February 2, 2023

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Dashia Milden is a staff reporter for NextAdvisor based in North Carolina. She has previously written for…
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Interest rates have made a historic rise this year, and there aren’t yet signs of slowing down.
A rising rate environment is great for earning variable interest on your savings or taking advantage of short-term fixed rates, so you can take advantage of higher interest in the future. But now is not the time to lock in a five-year CD.

“If you lock in for five years at the best interest rate today but the Consumer Price Index and inflation continue to go up, over the next [few] years you will have lost significant purchasing power,” Cady North, a certified financial planner and founder of North Financial Advisors in San Diego. “That’s the risk you take by locking in an interest rate for a longer period of time.” 
Today, the average five-year CD term already earns over 3% APY, based on our best CD rates. But five years is a long time, especially when five-year terms were earning under 1% just a few months ago. By locking in today’s rates, you’ll risk missing out on a potentially better APY in the future.
Here are the best five-year CD rates today and when you should consider adding a long-term CD to your savings strategy:
Note: The APYs (Annual Percentage Yield) shown are as of September 23, 2022. The APYs for some products may vary by region.
Longer CDs generally offer higher interest, but a few extra dollars annually isn’t worth the drawbacks for most savers today.
Here’s why: Locking in a five-year CD rate means you’ll miss out on the bigger returns banks will likely offer in the near future. And once you open a CD, you can only move your money out before the term ends by paying a withdrawal penalty. This penalty can vary, but is usually a portion of your interest earned.
Even if you have money you know you won’t need for five years or more, it’s best to consider other options besides a five-year CD, says Jeb Jarrell, certified financial planner and founder of Plentiful Wealth, a financial planning firm in Ashland, Kentucky.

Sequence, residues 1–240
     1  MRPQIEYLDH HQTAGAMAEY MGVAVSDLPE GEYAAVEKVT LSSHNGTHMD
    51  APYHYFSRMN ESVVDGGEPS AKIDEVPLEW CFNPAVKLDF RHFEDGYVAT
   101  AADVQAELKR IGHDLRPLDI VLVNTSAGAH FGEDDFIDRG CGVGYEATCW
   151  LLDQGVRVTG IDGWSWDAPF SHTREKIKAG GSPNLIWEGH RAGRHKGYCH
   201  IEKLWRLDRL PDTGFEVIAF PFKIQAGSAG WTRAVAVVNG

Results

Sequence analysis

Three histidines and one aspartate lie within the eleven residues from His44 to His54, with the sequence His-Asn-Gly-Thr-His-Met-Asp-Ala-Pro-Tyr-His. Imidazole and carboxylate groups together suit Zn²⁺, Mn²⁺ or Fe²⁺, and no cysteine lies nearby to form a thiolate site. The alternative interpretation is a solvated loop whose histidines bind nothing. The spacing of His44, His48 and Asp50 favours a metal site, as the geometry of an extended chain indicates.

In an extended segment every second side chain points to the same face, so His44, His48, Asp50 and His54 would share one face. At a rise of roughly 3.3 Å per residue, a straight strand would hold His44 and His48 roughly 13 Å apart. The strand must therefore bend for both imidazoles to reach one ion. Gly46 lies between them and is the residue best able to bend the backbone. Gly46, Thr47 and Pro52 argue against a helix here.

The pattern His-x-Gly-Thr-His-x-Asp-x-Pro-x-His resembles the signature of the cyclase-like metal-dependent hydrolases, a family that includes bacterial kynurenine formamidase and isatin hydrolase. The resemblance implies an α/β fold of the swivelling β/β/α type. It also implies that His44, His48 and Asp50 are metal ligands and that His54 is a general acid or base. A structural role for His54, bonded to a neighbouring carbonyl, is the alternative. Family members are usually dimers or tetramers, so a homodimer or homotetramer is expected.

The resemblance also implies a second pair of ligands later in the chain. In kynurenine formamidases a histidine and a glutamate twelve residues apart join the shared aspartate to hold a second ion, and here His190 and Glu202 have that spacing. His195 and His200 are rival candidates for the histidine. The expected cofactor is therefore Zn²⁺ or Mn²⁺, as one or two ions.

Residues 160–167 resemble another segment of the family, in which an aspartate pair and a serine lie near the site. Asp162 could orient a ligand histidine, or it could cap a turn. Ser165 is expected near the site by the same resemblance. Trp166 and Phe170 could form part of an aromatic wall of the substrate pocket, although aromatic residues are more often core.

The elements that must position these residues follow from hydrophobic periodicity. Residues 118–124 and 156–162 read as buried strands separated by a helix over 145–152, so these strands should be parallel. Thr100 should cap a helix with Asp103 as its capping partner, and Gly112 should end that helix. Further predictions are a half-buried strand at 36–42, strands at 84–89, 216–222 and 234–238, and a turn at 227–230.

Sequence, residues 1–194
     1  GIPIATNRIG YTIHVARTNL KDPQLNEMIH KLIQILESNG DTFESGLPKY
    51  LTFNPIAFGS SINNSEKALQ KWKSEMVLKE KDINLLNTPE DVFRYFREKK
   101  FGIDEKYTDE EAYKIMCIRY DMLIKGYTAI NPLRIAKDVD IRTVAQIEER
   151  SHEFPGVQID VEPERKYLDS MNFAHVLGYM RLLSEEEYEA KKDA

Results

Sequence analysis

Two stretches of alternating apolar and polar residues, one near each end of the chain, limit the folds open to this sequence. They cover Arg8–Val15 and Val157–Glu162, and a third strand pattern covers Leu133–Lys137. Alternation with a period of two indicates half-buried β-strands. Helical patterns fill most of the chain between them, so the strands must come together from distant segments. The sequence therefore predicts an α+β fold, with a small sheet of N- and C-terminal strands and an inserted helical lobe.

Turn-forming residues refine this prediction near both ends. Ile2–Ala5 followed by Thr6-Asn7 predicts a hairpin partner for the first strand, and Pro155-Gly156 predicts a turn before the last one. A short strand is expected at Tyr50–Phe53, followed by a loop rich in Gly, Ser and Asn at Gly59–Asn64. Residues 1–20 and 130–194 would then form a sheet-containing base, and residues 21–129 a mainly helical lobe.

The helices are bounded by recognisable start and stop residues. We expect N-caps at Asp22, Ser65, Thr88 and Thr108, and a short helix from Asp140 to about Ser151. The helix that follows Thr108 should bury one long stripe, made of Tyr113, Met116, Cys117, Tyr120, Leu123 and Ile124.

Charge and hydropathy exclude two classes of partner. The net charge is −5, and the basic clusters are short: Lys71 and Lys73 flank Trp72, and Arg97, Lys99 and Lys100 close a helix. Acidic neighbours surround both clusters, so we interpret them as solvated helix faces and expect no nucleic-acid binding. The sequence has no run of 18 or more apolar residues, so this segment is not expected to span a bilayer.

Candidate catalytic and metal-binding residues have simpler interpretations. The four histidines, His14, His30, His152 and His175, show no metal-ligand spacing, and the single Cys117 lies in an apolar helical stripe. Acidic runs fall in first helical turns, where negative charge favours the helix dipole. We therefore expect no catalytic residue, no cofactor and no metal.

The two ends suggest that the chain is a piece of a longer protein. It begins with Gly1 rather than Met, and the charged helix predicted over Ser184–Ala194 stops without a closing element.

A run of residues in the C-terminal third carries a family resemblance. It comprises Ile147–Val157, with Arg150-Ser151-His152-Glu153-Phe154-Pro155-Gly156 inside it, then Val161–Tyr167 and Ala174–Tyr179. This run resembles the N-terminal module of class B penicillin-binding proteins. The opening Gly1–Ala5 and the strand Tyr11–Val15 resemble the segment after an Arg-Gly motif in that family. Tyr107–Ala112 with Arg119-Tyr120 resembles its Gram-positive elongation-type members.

Shorter-term CDs, Money market accounts, and high-yield savings accounts may not offer rates as high as a five-year CD today, but you’ll maintain greater access to your funds and can take advantage of rising rates.
For example, say you had the option between a high-yield savings account earning 0.50% APY and a five-year CD earning 0.80% APY one year ago, when rates were extremely low. If you chose the CD option then, you’d still be earning that 0.80% APY today. But if you chose the high-yield savings with 0.50% APY then, you may now earn closer to 2%, since rates on those accounts are variable and have increased. Even though the five-year CD’s interest rate seemed like the beter option then, their long-term value depends on what rates will do in the future. 
“Chasing yield isn’t always the best, because if you had left your money in a high-yield savings account, feasibly your interest rate in year three will be twice than what the [five-year] CD was,” says North. 
Five-year CDs offer a guaranteed, fixed return in exchange for you being willing to set your money aside for a while. Fixed interest rates can be beneficial if rates drop, or a drawback while rates are rising. Here are more pros and cons to consider before opening a long-term CD:
Higher interest rate compared to some other savings options
Can be useful to lock in a rate when interest is falling
FDIC-insured deposits
No liquidity for five years
Fixed interest rate can be less valuable in a rising rate environment
Withdrawal penalty if you take money out before maturity
Here’s how shorter CD terms stack up against five-year CDs today.  
If you want to lock in a solid interest rate for a shorter time commitment, one-year CDs are a solid pick. Rates on shorter-term CDs are, on average, less than longer-term options, but they are better for maintaining liquidity, especially as rates rise.
The good news is that since one-year CDs mature within a year, you’ll have more flexibility compared to three- and five-year terms to roll your funds into a new CD in the near future. 
However, there are even more flexible options to consider, too,  that may give you more flexibility and variable interest rates — such as a high-yield savings account or an even shorter CD, such as a six-month term. These can be great for money you may need to access quickly or for your emergency savings.
Even if you’re willing to set aside your money for several years in a three-year CD, it’s not the best option for most savers right now — just like with 5-year terms. 
By opening a 3-year CD term, you’ll lock in today’s rates and cannot withdraw without penalty for the entire three-year period. Long-term CDs may be worthwhile when the Federal Reserve changes its language around combating inflation, experts say, but not while rates increase today. 
If you withdraw money before your CD matures, you’ll pay a withdrawal penalty on your principal balance. Usually, the penalty is a few months of interest, but it depends on your bank.
Yes, if you choose a traditional CD, you’ll have a fixed interest rate for the duration of your CD term. When your CD matures, you can roll the money into a new CD that may have a better interest rate.
If you’re looking for an alternative to CDs with more flexibility but still want to earn a return on your principal balance, high-yield savings accounts and money market accounts are good options. Remember to compare rates, required minimum deposits, and other account types before choosing one.
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